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MEDFORD/SOMERVILLE, Mass. – A team of researchers at Tufts University's School of Arts and Sciences and School of Engineering have discovered that individual atoms can catalyze industrially important chemical reactions such as the hydrogenation of acetylene, offering potentially significant economic and environmental benefits. The research appears in the March 9 issue of Science.
Hydrogenation – the addition of hydrogen atoms to an organic compound – is critical to the food, petrochemical and pharmaceutical industries. Hydrogenation requires the presence of a catalyst, usually a metal or an alloy of both precious and common metals, that allows the hydrogen atoms to bind with other molecules. It is difficult to produce alloys that are selective hydrogenation catalysts, able to attach the hydrogen atoms to specific sites of another molecule.
Tufts chemists and chemical engineers reported that when single atoms of palladium, an expensive precious metal, were added to copper, which is much cheaper and readily available, the resulting "single atom alloy" became active and selective for hydrogenation reactions.
This is the first published research to directly relate the arrangement of individual atoms in a metal alloy to their ability to catalyze hydrogenation reactions, according to E. Charles H. Sykes, associate professor of chemistry at Tufts and senior author on the paper. Sykes focuses much of his research on single molecule chemistry.
Industrial processes typically use small clumps of precious metal five to 10 nanometers wide on supports to make a catalyst. The Tufts scientists scattered single atoms of palladium less than half a nanometer wide onto a copper support. With palladium costing about $650 per ounce, the single atom alloy approach offers big cost savings.
"The chemical reactions we're looking at with smaller amounts of palladium use less energy and yield less chemical byproduct waste, hence they're better for the environment," said Sykes. "These reactions are also more cost-effective because we're working with single atoms of precious metals, which is therefore much cheaper than big clusters of the material. Given that hydrogenation reactions are carried out on a scale of millions of tons per year, there is great potential for this new and less expensive type of catalytic surface."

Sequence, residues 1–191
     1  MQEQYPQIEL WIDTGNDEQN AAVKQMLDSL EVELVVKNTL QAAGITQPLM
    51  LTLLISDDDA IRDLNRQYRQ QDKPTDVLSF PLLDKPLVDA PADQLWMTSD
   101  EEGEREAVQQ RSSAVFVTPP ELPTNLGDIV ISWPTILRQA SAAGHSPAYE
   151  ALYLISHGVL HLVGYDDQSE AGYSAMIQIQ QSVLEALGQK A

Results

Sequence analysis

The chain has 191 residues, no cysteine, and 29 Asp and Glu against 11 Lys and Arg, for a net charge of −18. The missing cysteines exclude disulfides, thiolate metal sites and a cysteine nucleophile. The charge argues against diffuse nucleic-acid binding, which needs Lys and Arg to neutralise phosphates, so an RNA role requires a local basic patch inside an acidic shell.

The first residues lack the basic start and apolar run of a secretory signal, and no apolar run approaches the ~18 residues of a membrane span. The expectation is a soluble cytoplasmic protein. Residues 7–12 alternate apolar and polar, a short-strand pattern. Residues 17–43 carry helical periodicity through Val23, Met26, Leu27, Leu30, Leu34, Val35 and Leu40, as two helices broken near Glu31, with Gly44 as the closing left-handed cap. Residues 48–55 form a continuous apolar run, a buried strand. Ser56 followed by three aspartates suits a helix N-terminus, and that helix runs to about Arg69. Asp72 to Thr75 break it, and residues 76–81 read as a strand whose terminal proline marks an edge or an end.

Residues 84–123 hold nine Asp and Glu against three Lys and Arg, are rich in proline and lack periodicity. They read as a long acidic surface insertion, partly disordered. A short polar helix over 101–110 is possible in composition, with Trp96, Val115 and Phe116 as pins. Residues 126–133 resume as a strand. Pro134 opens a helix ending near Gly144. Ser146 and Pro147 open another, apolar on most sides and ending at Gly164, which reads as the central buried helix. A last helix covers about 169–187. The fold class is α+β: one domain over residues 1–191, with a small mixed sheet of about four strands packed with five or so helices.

For this research the Tufts team heated very small amounts of palladium to almost 1,000°C. At that temperature individual atoms evaporated and embedded themselves on the copper surface about three inches away.
A scanning tunneling microscope, which records images of objects at the atomic level, enabled the team to see how these single atoms dispersed in the copper and how molecular hydrogen could then dissociate at individual, isolated palladium sites and spill over onto the copper surface layer.
"This is the first time there has been a definitive microscopic picture of the arrangement of atoms that promote a catalytic hydrogenation reaction. This picture is important because the catalytic hydrogenations that we're studying are vital to many industrial processes," added Sykes. "For example, in petroleum refining, catalytic hydrogenations are performed to make light and hydrogen-rich products like gasoline."
Georgios Kyriakou, research assistant professor of chemistry in the School of Arts and Sciences and first author of the paper; Maria Flytzani-Stephanopoulos, the Robert and Marcy Haber Endowed Professor in Energy Sustainability in the School of Engineering; and a joint Ph.D. student, Matthew Boucher, led testing that determined that the single atom alloy was more effective in catalyzing hydrogenation than denser mixtures of palladium and copper. Mass spectrometry showed that the new alloy catalyzed the hydrogenation of both styrene and acetylene with greater than 95% selectivity.
"With the rising cost of precious metals and the increasing scarcity of these metals, learning more about these reactions is encouraging in the search for sustainable global solutions," said Flytzani-Stephanopoulos. "We are looking at how these single-atom alloy catalysts could eventually be used as low-cost alternatives in hydrogenation and dehydrogenation processes for the production of 'green' agricultural chemicals, foods and pharmaceuticals," said Flytzani-Stephanopoulos.
Other authors on the paper are April D. Jewell, Emily A. Lewis and Timothy J. Lawton, doctoral candidates in chemistry at Tufts; Ashleigh E. Baber, Ph.D., research fellow at Brookhaven National Laboratory, who earned her doctorate at Tufts' Graduate School of Arts and Sciences; and Heather L. Tierney, Ph.D., a managing editor at the American Chemical Society who also earned her doctorate at Tufts' Graduate School of Arts and Sciences.
This work was supported by the National Science Foundation and the U.S. Department of Energy as well as by Tufts Collaborates! funding.
Kyriakou, G., Boucher, M., Jewell, A., Lewis, E., Lawton, T., Baber, A., Tierney, H., Flytzani-Stephanopoulos, M., Sykes, E.C. "Isolated Metal Atom Geometries as a Strategy for Selective Heterogeneous Hydrogenations." Science. Published online and print March 9, 2012. DOI: 10.1126/Science.1215864.